Exhibitions - Alexandria Archaeology Museum

Excerpts from the Exhibition Catalogue (1983)

The Alexandria Gazette has recorded the history of Alexandria and its merchants since 1784. Artifacts from archaeological excavations on the sites of early shops and residences, together with advertisements from early issues of this newspaper, provide insight into the history of Alexandria merchants and their wares. The artifact assemblages from wells behind Alexandria shops provide an inside look at the products sold by specific merchants in the late 18th and 19th centuries. Early newspaper advertisements provide clues to the origin of consumer goods which were discarded in Alexandria’s backyards.

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The Town

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The town of Alexandria was laid out in 1749 on the site of a tobacco warehouse. Led by Scottish merchants, the town evolved into a major commercial port by the end of the century. Although international trade dwindled with 19th-century competition from Baltimore and other northern cities, an increasing variety of goods reached Alexandria shops from other American ports. These imported items and manufactured goods were sold to country merchants as well as to residents of the town.

Most of Alexandria’s early shops were clustered along King Street, near City Hall and the Market Square, and close to the waterfront. Merchandise was also sold directly from the wharves or auctioned by the vendue merchant. A farmers' market, established in 1753, supplied fresh produce.

Today, Alexandrians shops at malls and supermarkets for many of their basic needs, yet the farmers' market continues to sell produce and handcrafts early on Saturday mornings and specialty shops still line King Street. Twentieth-century shops sell food, medicine, clothing, fabric, shoes, china, glass, hardware and toys as did their 18th and 19th-century counterparts. Many original buildings have been restored to house today's shops, and some of Alexandria's 19th-century retail ventures survive today in new surroundings. King Street and Market Square continue to be a center of commercial and social activities for Alexandria and the region.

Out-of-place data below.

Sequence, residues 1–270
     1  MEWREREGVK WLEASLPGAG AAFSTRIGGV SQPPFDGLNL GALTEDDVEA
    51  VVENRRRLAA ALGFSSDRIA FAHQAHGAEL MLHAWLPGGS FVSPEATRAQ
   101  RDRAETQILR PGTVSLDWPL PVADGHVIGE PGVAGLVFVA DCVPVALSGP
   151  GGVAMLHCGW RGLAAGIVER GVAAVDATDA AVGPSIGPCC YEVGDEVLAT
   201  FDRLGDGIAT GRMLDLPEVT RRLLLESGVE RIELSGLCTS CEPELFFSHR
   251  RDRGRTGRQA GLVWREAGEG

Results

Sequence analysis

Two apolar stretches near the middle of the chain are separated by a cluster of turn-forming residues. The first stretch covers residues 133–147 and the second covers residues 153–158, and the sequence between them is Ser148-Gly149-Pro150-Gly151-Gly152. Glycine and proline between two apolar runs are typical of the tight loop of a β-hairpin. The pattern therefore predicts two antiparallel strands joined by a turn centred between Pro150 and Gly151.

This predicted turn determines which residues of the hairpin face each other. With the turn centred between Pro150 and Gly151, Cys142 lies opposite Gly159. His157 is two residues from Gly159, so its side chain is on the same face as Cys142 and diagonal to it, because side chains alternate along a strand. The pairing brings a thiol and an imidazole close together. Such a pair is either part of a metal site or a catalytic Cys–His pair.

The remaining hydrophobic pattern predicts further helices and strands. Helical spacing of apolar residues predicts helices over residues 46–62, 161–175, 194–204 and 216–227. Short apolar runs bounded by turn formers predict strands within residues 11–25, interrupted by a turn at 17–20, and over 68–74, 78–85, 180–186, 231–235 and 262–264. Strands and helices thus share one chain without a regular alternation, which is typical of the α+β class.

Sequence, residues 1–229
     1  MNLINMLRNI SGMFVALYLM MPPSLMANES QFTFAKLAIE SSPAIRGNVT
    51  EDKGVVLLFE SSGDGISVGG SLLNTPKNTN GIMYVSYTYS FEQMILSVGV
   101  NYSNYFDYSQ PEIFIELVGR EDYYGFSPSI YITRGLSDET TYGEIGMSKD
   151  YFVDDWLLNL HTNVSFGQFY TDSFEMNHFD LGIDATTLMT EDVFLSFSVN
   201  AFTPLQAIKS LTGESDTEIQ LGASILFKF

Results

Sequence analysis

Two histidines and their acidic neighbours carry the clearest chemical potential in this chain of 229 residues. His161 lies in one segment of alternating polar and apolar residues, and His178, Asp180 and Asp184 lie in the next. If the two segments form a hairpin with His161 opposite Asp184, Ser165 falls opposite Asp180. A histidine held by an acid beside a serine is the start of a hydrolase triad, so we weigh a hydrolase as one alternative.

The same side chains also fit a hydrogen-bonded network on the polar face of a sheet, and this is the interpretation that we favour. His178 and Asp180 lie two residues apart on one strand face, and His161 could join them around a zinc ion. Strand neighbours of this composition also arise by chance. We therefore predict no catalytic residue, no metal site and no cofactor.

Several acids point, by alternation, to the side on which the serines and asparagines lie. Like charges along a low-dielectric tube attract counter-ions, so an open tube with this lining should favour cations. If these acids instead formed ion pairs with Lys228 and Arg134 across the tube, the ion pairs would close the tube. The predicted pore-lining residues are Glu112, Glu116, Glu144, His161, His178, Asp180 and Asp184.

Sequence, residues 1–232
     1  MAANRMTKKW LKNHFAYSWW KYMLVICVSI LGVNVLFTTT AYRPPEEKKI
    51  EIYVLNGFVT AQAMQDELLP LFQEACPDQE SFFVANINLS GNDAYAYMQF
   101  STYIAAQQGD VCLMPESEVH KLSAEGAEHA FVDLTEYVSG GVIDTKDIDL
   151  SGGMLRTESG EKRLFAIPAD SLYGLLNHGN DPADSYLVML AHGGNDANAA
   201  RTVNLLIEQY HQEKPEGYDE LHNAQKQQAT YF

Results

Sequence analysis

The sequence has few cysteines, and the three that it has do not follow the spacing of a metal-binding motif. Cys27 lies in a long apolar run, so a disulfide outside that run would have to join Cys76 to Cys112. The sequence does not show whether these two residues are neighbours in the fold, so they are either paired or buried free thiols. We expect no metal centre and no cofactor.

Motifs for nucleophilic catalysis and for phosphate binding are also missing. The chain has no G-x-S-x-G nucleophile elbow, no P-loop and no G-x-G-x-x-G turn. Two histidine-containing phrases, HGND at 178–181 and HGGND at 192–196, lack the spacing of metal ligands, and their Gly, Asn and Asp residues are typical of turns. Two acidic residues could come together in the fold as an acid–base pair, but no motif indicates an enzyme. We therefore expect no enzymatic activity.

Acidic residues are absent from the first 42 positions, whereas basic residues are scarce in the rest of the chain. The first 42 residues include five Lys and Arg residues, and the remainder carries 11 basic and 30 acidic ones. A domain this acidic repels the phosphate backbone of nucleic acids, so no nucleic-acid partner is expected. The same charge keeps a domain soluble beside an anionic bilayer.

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The Alexandria Gazette

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The Alexandria Gazette was established in 1784, and was printed daily from 1825 until just a few years ago. America's oldest daily newspaper, the Gazette is an exceptional source of Alexandria's political, social and economic history. The activities, merchandise and business acumen of Alexandria's merchants and shopkeepers are chronicled through over 200 years of advertisements.

The Office of the Alexandria Gazette was located at 105 South Royal Street from about 1820 until the death of its editor Samuel Snowden in 1831. Archaeological excavation took place in a well on this property in 1974. Hundreds of pieces of lead type and spaces used in printing early issues of the Alexandria Gazette were among the finds.




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